Fig. 4 Distribution of contributors of the three IPCC Working Groups


Another way to look at the IPCC, rather than cutting it into 5 Assessment Reports, is to represent it as 3 Working Groups, each with its own population. This visualization indicates that Working Group populations are relatively distinct and have low permeability. Only 7% of contributors across 25 years of the IPCC participate in more than one WG. The large majority of this subpopulation (5%) participate between WGI and WG2, while very few participate between WGI and WG3 (>1%). This is not entirely surprising, given that each Working Group deals with separate issues of the climate crisis (WG1 – the physical science; WG2 – impacts and adaptation; WG3 – GHG mitigation), but it does raise certain questions about the impacts of this separation. During the 2009, for instance, the WGII report was attacked by journalists and skeptics for misinformation about the melt rates of Himalayan Glaciers, the effects of climate on Amazon Rainforest fires and sea level rise in the Netherlands. This launched a massive review process of the entire IPCC rules and guidelines for reviewing literature and communicating its findings, notably by the InterAcademy Council (IAC) 2011 Review of the IPCC (in which the IPCC was entirely vindicated of any wrongdoing, as claimed by its detractors). The IAC Review found, however, that each WG used different communication guidelines, particularly with regards to uncertainty, and called for a standardization of these guidelines. But we can ask also whether this “silo-effect” between WGs influences how the IPCC is able to coordinate the messages delivered by the different groups?

Fig. 5 Geography of IPCC contributors by WGs

We see clearly that between the 3 WGs (across all ARs), there is a much more diverse population of contributors between the WG2 and WG3. When normalized, we see that actually WG3 has the most diverse number of contributors. This makes relative sense. WG1 covers the physical science of climate change, so it requires a lot more resources to participate in this WG (such as climate models, seafloor coring ships, buoy and satellite detection systems, etc.). WG2 and WG3 are much more reliant on regional knowledge, which gives an advantage to more localized experts.


1) On all visualizations, we do not yet have author information for the Contributing Authors of AR5. We will incorporate these missing authors as each Working Group’s Assessment Report is made available to the public on the website of the IPCC. For instance, the IPCC Secretariat has already noted that there are 600 Contributing Authors for the WG1; We can estimate that we will add between 1000-1500 contributing authors to the overall database by the end of 2014. So please stay tuned!
2) In all our figures, we define a “contributor” as an individual who filled one or multiple of the following roles: Coordinating Lead Author, Lead Author, Review Editor or Contributing Author in one of the IPCC ARs. We define “participation” as an instance in which a contributor intervened in a specific chapter in a specific WG of any AR. The same contributor may have more than one participation in any given AR.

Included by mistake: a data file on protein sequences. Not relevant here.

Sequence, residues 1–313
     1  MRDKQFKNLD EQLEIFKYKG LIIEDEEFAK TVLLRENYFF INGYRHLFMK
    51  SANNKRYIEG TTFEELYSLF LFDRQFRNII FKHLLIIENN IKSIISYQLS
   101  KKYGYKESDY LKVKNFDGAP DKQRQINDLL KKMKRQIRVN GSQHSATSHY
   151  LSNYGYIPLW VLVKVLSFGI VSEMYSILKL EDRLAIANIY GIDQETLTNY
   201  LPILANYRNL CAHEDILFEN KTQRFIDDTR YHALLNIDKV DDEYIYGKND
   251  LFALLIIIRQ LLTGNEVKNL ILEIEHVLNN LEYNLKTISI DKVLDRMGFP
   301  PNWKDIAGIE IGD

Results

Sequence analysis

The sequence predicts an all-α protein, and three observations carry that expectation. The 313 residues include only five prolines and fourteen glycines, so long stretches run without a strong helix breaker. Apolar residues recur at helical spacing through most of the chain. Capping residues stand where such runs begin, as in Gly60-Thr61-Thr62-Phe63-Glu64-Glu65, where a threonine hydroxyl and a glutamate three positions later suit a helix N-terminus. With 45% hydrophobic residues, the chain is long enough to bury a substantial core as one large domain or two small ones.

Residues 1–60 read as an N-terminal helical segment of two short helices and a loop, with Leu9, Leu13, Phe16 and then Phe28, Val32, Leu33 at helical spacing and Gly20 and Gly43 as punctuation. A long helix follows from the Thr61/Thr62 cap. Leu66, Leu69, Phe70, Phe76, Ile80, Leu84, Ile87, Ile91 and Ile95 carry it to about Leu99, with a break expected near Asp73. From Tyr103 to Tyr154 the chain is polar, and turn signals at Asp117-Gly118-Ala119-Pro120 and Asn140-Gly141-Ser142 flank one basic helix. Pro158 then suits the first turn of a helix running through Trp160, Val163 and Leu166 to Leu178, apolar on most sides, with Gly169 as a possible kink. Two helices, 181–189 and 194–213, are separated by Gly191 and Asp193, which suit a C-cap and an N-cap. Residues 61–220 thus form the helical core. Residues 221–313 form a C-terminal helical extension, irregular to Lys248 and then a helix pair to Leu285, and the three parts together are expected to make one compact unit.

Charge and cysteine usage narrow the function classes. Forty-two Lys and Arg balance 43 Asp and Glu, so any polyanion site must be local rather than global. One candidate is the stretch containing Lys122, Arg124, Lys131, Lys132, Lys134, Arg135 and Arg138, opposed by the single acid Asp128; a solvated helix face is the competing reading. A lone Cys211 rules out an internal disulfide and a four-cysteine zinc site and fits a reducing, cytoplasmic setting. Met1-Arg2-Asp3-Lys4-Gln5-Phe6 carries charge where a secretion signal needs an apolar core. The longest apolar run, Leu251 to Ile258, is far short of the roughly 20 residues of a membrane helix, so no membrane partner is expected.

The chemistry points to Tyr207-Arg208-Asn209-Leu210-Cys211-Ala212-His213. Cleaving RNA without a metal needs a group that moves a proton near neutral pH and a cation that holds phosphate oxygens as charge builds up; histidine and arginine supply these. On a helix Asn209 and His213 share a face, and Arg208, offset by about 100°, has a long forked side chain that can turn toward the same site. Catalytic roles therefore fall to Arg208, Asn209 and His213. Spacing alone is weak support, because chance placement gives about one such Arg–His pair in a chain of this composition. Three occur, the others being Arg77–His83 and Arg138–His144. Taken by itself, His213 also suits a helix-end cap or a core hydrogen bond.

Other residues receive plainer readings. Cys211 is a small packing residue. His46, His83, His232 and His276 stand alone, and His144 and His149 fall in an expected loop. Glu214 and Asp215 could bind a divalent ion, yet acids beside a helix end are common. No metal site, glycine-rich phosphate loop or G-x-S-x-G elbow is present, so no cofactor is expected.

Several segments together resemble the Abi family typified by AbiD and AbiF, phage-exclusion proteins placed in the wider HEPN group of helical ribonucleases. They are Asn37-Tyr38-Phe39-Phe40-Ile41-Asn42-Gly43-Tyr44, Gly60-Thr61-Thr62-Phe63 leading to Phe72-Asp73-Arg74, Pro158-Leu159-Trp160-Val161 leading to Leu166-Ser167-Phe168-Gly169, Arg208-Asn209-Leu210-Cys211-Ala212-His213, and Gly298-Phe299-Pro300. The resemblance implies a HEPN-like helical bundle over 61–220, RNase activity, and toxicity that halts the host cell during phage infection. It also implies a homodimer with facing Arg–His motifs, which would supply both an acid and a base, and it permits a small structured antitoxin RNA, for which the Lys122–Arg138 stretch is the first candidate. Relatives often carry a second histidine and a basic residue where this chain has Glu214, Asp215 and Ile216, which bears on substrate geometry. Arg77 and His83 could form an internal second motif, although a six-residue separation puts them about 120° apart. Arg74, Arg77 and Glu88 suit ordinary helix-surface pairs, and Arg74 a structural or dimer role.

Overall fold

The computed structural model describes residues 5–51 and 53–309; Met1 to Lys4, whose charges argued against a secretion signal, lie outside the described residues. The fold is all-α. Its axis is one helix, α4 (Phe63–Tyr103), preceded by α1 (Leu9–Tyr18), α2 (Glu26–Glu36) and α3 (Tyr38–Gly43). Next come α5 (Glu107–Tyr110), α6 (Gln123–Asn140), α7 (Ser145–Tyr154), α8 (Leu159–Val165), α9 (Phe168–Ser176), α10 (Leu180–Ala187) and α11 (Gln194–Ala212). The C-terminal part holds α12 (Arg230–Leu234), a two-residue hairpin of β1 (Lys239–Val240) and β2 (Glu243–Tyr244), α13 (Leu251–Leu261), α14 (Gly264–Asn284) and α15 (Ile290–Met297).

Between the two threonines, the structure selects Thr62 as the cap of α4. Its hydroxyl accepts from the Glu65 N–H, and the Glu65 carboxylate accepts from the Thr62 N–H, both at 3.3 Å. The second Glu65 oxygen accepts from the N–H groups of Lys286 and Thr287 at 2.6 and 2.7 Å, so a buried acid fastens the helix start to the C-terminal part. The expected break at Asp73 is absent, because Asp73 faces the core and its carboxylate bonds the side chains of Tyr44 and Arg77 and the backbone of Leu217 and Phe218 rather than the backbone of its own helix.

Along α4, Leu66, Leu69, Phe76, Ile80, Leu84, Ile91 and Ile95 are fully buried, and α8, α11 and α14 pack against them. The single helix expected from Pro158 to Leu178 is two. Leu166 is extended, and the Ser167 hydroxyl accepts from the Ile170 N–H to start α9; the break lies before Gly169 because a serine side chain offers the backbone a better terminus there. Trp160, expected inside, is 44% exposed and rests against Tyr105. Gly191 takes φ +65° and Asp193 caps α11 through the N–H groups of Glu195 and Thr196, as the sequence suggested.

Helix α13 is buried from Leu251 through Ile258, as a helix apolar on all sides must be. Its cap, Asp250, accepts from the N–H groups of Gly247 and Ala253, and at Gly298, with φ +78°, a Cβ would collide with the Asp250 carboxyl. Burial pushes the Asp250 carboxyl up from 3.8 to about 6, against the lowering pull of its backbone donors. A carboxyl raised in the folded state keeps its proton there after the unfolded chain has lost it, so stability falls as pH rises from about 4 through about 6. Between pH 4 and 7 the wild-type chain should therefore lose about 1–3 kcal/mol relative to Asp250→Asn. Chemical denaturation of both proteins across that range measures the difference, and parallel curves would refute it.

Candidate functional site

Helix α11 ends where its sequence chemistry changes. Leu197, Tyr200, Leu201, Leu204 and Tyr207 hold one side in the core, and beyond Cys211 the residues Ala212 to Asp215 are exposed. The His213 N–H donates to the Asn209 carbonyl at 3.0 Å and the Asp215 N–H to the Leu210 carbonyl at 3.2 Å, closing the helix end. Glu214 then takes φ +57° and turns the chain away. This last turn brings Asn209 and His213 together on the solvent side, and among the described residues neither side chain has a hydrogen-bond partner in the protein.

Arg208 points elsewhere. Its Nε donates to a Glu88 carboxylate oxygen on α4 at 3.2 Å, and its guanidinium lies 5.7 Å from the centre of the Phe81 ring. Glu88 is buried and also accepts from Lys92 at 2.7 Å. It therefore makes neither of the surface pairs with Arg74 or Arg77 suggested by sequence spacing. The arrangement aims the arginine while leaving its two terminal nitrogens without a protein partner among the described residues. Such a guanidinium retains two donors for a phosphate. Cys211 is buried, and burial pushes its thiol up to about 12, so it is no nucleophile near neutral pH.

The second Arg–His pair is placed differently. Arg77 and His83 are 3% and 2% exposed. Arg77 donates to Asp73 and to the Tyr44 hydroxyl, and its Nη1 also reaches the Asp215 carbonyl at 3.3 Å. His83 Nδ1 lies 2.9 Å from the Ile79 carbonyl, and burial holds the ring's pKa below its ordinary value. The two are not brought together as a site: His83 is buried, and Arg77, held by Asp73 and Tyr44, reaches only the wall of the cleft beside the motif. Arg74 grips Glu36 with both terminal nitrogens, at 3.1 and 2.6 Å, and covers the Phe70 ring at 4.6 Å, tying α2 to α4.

3) The geographic regions used in our visualizations represent the six geographic regions designated by the World Meteorological Organization (WMO), which are the official regions used by the IPCC to indicate geographical origins of their contributors. These include Africa (Region I), Asia (Region II), South America (Region III), North America, Central America and Caribbean (Region IV), South-West Pacific (Region V) and Europe (Region VI)
4) The images are released under the Creative Commons License “Attribution-Noncommercial-NoDerivs 3.0 Unported” but feel free to write us is you’d like to make modifications to any of the visualizations below.
5) Our database was constructed over 11 months by (Nicolas Baya-Lafitte, Audrey Banyex, Ian Gray, Guillaume Plique and Tommaso Venturini). We scraped all the names of the contributors of each Assessment Report from the publicly available reports (nearly all in PDF format) and initially entered them into spreadsheets. We copied contributor names directly from AR pdfs, pasted this information into text editors, separated the different lines of data for export into Excel and then began the long and arduous task of correctly structuring our data as well as harmonizing information across different data sources. To our additional benefit, nearly all the authors, starting with the First Assessment Report (FAR, 1990), were also associated in the documents with their institutional affiliation, the country of origin of their institutional affiliation, the Working Group WG(s) in which the author participated, the chapter(s) in which they participated and their role in each of these instance (CLA, LA, CA or RE). For the structure of our data-sheets, we initially constructed two entirely separate excel files to house information related to individual authors and their various institutional and country affiliations, and a second file system to capture their participation in specific chapters of ARs. Eventually, this system became too cumbersome to manage, so we migrated all of our data into a dynamic database designed in MySQL. We will eventually be making this database publicly available, as well as integrating the data into a user interface.